"Twenty Years Ago" finds the singer looking back at himself, then projecting ahead to when a younger woman is remembering him: "did he speak the truth. . well just maybe."

Taylor similarly plays with time in the allegorical "Animals on the Beach." At the start, in what the lyric booklet identifies as a "prologue," Taylor provides a date, a place, a time--basically the present, presumably where the inspiration struck. He then describes a scenario involving animals and humans. Then, in what the lyric booklet identifies as a "setting," Taylor jumps decades into the future and revises the scenario. By the end, the animals on the beach have revealed things about human animals. At this point in his life, Taylor could have settled into writing any one song over and over, but I know of no song quite like "Animals on the Beach," which could be a mashup of the philosopher Plato and the science-fiction writer Ursula K. LeGuin.

The politically minded LeGuin surely would have appreciated "Planetary Scheme of Things," which contemplates a universal order based on giving love to those in need. The singer pledges allegiance to "the resistance / to keeping humans on the floor."

Similarly, "One More Dream to Go" advocates putting "one foot after another" both to cheer oneself up and to offer help to someone, anyone, in need. "Do You Feel OK" depicts one person offering sympathy to another. "Wounded Bird" compares helping another to nursing an animal.

The elegant finale, "Why Didn't I Think of That Before," finds wisdom in turning away from oneself and toward others, "do[ing] some little thing for somebody else." Taylor puts a fresh spin on this homily through timing: the singer, near the end of life, wonders what took him so long to realize what matters.

Signing Off

Throughout The Cradle of All Living Things, Taylor sounds like an octogenarian taking stock. He also comes across as a vibrant artist whose materials just happen to be age, time, memory, experience, wisdom, love, popular-music structures, and lived-in licks.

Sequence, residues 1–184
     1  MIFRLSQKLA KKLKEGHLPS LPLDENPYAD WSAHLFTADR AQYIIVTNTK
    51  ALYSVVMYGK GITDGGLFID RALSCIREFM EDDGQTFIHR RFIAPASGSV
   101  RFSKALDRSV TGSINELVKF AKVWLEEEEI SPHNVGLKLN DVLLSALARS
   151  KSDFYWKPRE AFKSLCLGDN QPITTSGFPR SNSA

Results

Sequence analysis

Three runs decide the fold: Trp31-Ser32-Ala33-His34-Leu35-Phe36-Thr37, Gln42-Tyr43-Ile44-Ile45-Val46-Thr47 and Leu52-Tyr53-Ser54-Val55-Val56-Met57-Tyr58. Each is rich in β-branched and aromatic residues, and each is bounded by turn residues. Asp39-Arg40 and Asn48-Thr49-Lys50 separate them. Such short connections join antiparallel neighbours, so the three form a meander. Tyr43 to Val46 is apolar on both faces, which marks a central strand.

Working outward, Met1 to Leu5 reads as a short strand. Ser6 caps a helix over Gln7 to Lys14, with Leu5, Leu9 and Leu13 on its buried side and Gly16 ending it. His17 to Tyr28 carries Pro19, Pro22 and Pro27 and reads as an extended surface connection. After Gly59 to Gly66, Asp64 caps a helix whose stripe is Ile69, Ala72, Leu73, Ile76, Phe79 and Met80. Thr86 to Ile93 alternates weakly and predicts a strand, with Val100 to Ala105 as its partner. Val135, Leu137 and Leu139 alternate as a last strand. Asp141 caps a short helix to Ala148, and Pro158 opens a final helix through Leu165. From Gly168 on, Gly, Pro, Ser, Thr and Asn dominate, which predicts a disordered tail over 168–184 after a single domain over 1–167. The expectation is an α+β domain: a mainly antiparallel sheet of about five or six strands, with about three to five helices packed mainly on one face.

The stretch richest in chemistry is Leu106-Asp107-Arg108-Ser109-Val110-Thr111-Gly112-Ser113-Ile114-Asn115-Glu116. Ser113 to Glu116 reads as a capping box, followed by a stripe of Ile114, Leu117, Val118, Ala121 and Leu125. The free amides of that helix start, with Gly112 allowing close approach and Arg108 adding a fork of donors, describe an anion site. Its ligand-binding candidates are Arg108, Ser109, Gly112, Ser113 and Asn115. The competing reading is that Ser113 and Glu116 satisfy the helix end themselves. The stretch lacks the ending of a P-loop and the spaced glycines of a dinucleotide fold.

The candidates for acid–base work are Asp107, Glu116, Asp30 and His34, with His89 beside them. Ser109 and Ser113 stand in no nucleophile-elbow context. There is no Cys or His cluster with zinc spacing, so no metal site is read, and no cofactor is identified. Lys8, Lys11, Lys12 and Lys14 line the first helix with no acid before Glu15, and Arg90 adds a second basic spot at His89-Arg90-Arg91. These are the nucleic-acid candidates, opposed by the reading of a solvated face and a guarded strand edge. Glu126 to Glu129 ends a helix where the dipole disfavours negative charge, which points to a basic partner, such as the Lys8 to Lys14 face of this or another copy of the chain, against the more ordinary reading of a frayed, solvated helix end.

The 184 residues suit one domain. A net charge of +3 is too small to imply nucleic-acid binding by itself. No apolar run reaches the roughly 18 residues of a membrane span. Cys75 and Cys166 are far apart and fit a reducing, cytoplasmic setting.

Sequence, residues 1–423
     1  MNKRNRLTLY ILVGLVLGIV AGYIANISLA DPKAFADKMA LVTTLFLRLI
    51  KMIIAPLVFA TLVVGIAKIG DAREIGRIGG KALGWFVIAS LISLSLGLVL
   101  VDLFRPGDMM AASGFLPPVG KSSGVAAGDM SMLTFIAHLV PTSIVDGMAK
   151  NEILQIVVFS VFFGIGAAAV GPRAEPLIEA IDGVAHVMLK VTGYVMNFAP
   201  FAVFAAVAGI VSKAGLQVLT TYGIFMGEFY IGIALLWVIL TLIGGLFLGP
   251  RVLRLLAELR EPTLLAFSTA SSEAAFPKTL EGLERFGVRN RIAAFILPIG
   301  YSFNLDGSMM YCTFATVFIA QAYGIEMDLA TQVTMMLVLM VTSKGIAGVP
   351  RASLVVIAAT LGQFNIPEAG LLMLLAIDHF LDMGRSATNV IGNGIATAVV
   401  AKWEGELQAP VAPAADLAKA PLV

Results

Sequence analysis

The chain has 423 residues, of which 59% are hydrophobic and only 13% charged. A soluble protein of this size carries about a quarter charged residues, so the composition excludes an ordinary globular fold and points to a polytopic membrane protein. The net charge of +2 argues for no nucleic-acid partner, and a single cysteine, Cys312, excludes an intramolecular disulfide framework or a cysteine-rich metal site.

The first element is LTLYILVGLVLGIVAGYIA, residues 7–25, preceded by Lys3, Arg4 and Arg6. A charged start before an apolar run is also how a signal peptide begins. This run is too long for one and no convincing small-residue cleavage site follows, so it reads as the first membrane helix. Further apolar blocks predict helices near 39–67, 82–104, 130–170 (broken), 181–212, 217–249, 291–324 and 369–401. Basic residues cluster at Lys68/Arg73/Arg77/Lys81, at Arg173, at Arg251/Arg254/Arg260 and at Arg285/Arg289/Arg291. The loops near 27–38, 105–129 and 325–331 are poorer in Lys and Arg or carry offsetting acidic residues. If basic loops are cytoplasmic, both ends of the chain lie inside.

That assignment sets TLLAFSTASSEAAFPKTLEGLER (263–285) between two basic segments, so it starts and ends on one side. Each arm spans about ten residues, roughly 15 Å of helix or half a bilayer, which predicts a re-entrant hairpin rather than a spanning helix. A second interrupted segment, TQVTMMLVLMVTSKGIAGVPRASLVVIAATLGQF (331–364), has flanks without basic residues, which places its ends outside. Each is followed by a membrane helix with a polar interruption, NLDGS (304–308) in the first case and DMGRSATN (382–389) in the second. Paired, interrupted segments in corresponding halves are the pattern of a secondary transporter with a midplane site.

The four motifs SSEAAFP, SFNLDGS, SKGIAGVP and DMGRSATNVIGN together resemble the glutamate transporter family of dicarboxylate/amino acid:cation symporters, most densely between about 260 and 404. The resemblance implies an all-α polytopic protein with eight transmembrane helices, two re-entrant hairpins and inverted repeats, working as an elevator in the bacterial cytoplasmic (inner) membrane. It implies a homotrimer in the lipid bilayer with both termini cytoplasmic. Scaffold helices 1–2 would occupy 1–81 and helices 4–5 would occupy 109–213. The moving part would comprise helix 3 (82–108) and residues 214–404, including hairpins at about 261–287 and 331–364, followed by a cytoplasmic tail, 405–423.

The lived-in feeling is key. During that Dad & the Monkey YouTube performance from 2020, Taylor expressed satisfaction with his then-current batch of songs, saying they felt lived-in. How must he feel about this latest batch. Only two years have passed, but the world is now coming to terms with so many life-or-death matters: global warming, fascistic so-called populism, criminal war, famine, repressive and murderous religious fanaticism, and the effects of a global pandemic, including the death of Taylor's friend John Prine, who survived cancer and then was felled by Covid-19.

Such events seem to rumble below the surface of these songs. The cradle of all living things is, in one sense, the world. And each song on The Cradle of All Living Things is a little world. Those worlds add up to a bigger world--indeed, a world view--and the whole connects in direct, indirect, and sly ways to the even bigger world, which we like to call the real world. The connection extends from one person, in his particular place in space and time, to whoever cares enough to listen. The danger would be that the particulars of his place don't generalize, but mostly these do. When they don't, when the details risk meaning more to Taylor than to listeners, then beautiful melodies, finely crafted accompaniment, and unguarded delivery carry the songs.

Do I believe that? I do.

Case in point here is "Lost Pictures." The genesis of this song appears to be Taylor's receipt of an old photo. That it seems to be of someone we don't know--someone we can identify by going outside the recording, doing a web search, watching a video--could be a problem, as when a song becomes dated because of a topical reference. But when the chorus of "Lost Pictures" celebrates

special memories
of someone. . who made you someone
better than you were

--Taylor delivers these lines with dry-eyed conviction. We enter the situation at his invitation, drawing on our own experiences but also reliving his experience through the special evocative power of music.

Photo by Ambrose Blaine. Courtesy of Train Wreck Records